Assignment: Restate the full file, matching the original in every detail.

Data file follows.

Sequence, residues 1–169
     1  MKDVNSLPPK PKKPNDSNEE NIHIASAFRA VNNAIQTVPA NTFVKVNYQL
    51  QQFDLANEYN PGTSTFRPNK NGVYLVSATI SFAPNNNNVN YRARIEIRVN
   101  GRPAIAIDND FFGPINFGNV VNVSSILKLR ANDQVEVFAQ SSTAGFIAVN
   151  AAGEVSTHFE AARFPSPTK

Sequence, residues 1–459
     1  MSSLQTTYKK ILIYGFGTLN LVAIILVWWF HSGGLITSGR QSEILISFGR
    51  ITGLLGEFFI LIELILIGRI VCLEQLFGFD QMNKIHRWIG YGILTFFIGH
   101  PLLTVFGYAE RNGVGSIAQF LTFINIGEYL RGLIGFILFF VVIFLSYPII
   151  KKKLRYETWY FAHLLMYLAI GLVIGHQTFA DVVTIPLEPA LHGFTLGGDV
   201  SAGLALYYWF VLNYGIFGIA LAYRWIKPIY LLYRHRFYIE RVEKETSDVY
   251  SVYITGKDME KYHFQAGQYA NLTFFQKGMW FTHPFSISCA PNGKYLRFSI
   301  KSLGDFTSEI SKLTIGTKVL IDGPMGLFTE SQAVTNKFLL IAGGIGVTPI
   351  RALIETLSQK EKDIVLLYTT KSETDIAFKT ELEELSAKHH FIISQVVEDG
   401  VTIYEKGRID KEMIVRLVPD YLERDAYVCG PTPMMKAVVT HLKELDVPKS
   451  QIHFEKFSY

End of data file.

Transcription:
Sequence, residues 1–169
     1  MKDVNSLPPK PKKPNDSNEE NIHIASAFRA VNNAIQTVPA NTFVKVNYQL
    51  QQFDLANEYN PGTSTFRPNK NGVYLVSATI SFAPNNNNVN YRARIEIRVN
   101  GRPAIAIDND FFGPINFGNV VNVSSILKLR ANDQVEVFAQ SSTAGFIAVN
   151  AAGEVSTHFE AARFPSPTK

Sequence, residues 1–459
     1  MSSLQTTYKK ILIYGFGTLN LVAIILVWWF HSGGLITSGR QSEILISFGR
    51  ITGLLGEFFI LIELILIGRI VCLEQLFGFD QMNKIHRWIG YGILTFFIGH
   101  PLLTVFGYAE RNGVGSIAQF LTFINIGEYL RGLIGFILFF VVIFLSYPII
   151  KKKLRYETWY FAHLLMYLAI GLVIGHQTFA DVVTIPLEPA LHGFTLGGDV
   201  SAGLALYYWF VLNYGIFGIA LAYRWIKPIY LLYRHRFYIE RVEKETSDVY
   251  SVYITGKDME KYHFQAGQYA NLTFFQKGMW FTHPFSISCA PNGKYLRFSI
   301  KSLGDFTSEI SKLTIGTKVL IDGPMGLFTE SQAVTNKFLL IAGGIGVTPI
   351  RALIETLSQK EKDIVLLYTT KSETDIAFKT ELEELSAKHH FIISQVVEDG
   401  VTIYEKGRID KEMIVRLVPD YLERDAYVCG PTPMMKAVVT HLKELDVPKS
   451  QIHFEKFSY